Gene of Isis is the first book in the new Mystique trilogy by acclaimed fantasy author Traci Harding. Harding weaves the three tales together, creating three richly detailed and overlapping worlds. The three female characters are each unique and their male champion a nice blend of strength, good counsel and humour. Harding has combined historical fact, with real events from church history woven with a combination of theoretic altenatives and fantsay.

An absorbing read.

Gene of Isis, by Traci Harding
Voyager, 2005

Heart of the Tiger, by Glenda Millard & Gaye Chapman

In a land with no trees lived an old man, a boy and wooden tiger called Tiger.

When the old man dies, the boy inherits the tiger. He loves the tiger and treats him well, taking him for walks and listening to what it says. When the tiger tells him that it is made from a branch of the last ever tree, the boy longs to see what a tree is, and to experience the sight and smell of green. The tiger tells him that he can do it, if he is prepared to make a sacrifice. The boy agrees and sacrifices the thing he most loves – the tiger – in order to bring green back to the treeless land.

Heart of the Tiger is a poignant and touching tale by award-winning author Glenda Millar and talented illustrator Gaye Chapman. The hard cover format and richly coloured illustrations make it a quality offering and Millard uses her words economically – her environmental theme is neither overstated nor hard to discern. The oriental feel of both word and picture allows readers to connect the fable with others of its genre.

This is Chapman’s first picture book, buts she is a seasoned artist and uses a blend of techniques to subtly support and extend the text. The image of Tiger, who has at this point has been destroyed, looking over the boy’s shoulder as he waters the ground, is especially evocative. The contrasting endpapers – with a barren landscape at the beginning and a green one at the end – are also richly rendered.

Heart of the Tiger, with its gentle, yet evocative text, will be just as enjoyable for home reading as in the school setting.

Heart of the Tiger, by Glenda Millard, illustrated by Gaye Chapman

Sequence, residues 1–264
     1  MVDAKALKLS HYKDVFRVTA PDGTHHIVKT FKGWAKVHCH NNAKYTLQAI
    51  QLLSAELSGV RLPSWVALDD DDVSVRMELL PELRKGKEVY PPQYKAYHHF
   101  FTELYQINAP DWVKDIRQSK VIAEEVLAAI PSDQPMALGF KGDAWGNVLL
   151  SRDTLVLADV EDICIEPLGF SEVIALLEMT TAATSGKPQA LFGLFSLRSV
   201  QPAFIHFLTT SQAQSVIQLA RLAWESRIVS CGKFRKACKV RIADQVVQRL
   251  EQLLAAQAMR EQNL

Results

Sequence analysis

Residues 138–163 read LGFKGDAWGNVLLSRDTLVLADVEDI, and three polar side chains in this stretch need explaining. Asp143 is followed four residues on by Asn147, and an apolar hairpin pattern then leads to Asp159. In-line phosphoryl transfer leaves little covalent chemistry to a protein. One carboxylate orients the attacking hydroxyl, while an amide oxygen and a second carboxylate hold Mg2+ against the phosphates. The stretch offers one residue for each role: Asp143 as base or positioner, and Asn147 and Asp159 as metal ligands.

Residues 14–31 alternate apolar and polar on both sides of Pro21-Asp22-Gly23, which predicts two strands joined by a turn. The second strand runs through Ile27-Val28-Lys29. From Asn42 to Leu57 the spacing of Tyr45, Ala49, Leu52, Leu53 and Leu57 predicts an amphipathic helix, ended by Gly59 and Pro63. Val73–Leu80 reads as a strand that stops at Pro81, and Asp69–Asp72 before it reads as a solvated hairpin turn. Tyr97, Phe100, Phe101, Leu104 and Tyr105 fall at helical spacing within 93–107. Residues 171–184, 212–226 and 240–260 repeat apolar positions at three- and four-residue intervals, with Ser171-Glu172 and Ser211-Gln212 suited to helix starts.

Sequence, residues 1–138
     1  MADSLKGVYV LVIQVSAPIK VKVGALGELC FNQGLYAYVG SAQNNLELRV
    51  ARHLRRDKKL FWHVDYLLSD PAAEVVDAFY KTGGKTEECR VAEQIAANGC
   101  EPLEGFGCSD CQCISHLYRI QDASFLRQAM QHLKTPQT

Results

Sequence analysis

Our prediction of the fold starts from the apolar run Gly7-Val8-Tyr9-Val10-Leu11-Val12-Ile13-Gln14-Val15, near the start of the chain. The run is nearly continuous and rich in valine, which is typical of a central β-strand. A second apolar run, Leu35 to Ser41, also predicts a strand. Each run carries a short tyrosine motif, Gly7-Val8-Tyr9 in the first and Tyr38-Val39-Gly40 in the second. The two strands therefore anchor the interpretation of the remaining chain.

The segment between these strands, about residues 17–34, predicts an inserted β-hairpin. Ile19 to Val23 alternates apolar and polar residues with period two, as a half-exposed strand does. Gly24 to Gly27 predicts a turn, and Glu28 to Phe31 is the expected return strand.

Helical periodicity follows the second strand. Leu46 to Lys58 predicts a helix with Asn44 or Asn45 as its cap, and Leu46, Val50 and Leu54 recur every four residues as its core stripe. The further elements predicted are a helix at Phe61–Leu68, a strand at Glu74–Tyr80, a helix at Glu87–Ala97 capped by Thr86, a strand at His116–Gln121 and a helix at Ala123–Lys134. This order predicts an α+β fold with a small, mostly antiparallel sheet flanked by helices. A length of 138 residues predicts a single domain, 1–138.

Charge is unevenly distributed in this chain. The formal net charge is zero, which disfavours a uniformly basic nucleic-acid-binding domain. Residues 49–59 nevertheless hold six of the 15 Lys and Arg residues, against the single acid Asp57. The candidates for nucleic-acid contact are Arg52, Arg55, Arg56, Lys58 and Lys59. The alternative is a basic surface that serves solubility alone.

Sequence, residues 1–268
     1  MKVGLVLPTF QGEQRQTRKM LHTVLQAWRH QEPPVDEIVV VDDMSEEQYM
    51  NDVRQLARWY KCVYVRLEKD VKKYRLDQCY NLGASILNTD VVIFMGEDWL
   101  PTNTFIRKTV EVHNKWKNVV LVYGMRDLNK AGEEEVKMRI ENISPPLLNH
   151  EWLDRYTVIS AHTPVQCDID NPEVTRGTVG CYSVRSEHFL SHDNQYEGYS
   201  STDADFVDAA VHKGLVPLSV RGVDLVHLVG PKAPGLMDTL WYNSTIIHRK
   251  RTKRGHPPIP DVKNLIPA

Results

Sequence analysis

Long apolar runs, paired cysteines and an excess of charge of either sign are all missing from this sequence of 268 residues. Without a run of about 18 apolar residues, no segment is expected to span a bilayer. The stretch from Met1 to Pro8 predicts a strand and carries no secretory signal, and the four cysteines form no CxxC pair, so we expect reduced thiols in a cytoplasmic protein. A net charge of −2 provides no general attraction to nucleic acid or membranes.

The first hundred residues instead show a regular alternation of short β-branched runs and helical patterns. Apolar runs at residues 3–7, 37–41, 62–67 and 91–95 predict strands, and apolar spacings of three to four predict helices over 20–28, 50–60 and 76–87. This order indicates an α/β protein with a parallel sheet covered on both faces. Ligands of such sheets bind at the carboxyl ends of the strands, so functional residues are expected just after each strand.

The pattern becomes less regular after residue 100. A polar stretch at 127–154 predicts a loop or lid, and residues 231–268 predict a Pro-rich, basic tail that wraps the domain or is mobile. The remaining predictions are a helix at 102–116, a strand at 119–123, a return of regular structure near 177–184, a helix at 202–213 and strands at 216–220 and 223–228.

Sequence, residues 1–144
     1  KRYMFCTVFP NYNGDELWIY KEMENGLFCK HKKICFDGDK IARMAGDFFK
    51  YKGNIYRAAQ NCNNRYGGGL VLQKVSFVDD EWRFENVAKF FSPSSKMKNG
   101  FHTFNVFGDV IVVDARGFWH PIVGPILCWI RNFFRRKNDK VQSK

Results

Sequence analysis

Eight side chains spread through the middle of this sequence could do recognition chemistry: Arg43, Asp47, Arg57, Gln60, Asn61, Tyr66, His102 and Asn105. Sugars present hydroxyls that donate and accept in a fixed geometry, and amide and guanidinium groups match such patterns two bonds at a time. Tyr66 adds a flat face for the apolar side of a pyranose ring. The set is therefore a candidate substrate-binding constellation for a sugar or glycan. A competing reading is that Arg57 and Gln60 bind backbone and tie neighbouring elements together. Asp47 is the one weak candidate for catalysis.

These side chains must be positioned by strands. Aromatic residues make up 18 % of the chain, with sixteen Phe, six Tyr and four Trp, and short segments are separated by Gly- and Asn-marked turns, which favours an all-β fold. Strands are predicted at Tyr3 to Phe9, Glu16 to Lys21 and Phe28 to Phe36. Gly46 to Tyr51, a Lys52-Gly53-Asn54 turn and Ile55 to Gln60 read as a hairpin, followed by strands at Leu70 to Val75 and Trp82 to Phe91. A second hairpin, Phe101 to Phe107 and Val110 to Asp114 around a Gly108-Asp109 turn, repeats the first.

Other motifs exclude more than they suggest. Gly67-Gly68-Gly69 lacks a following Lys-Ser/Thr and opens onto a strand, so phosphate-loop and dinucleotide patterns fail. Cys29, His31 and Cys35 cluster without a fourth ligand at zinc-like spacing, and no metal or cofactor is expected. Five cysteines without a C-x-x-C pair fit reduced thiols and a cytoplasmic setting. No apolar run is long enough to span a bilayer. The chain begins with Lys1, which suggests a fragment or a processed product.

Scholastic, 2004

Daikaiju! Giant Monster Tales, edited by Robert Hood and Robin Peny

Reviewed by Kyla Ward


First off, you need to know that ‘daikaiju’ is Japanese for ‘giant monster’. That is, Godzilla, King Kong, Rodan and all their kind. Now you are qualified to enjoy the most unusual and entertaining anthology I’ve read in a long while.

Each of the 29 fiction entries features giant monsters but the variety is incredible. Some appear in traditional city-crushing mode (Garth Nix’s ‘Read it in the Headlines’) and some as effective metaphors (David Carroll’s ‘Footprint’). Some are the butt of giant-sized jokes (Michelle Marquardt’s ‘Crunch Time”) and others are caught in the most bizarre situations imaginable (Andrew Sullivan’s ‘Notes Concerning Events at the Ray Harryhausen Memorial Home for Retired Actors’). New extreme sports are proposed, along with unthinkable liaisons. Although I liked some stories better than others (and two of the entries are poem cycles and one a script), there wasn’t a single dud. The whole is rounded off by an essay on the films that provided the inspiration.

Robert Hood is a prolific Australian writer, with a slew of short stories and young adult novels to his credit. Daikaiju! reminds me of a previous project he co-edited, entitled Crosstown Traffic (Stuart Coupe & Julie Ogden, Five Islands Press, 1993), which put the detective story through the hoops of science fiction, fantasy, horror and more. Robin Pen was a founding editor of the prestigious Australian journal Eidolon and is known for his film criticism. But although Daikaiju is edited by Australians and published by an Australian small press, the contributors are very much international. As is the devastation; Sydney, Melbourne, Tokyo, San Francisco, Washington, Hai Phong and the charming Cornish village of Launceston are all trashed at various points. I recommend this book to anyone looking for something different, or who likes their heroes and villains truly larger than life.

Daikaiju! Giant Monster Tales, Edited by Robert Hood and Robin Pen
Agog! Press, Sydney, 2005

The Plum-Rain Scroll, by Ruth Manley

Taro, the odd job boy at the Tachibana-ya (the orange Tree Inn) isn’t looking for adventure, but adventure, it seems, is looking for him. When his Aunt suddenly disappears from the inn, Taro goes looking for her. Soon, he finds himself in an unlikely group of companions, including Prince Hachi (Lord Eight Thousand Spears), a ghost named Hiroshi and an Oni with a taste for poetry.

Together, this group searches for Taro’s lost Aunt Piety who, they discover, is the only person able to translate the Plum-Rain Scroll. Aunt Piety is hiding from the evil Black Iris Lord, Marishoten, who seeks to capture her and have her translate the Scroll so that he can meet his aim of overthrowing the Mikado.

Set in folkloric Japan, this classic story has wonderful elements of fantasy, adventure and suspense. Young fantasy lovers will love the style and be endeared to the fantastical creatures who Taro befriends.

The Plum Rain Scroll was first published in 1978 and was the Children’s Book of the Year in 1979. It has been re-released in 2005 as part of UQP Children’s Classic Series. This delightful offering is suitable for readers aged 10 to adult.

The Plum-Rain Scroll, by Ruth Manley
First Published by Hodder & Staughton, 1978. This edition published by University of Queensland, 2005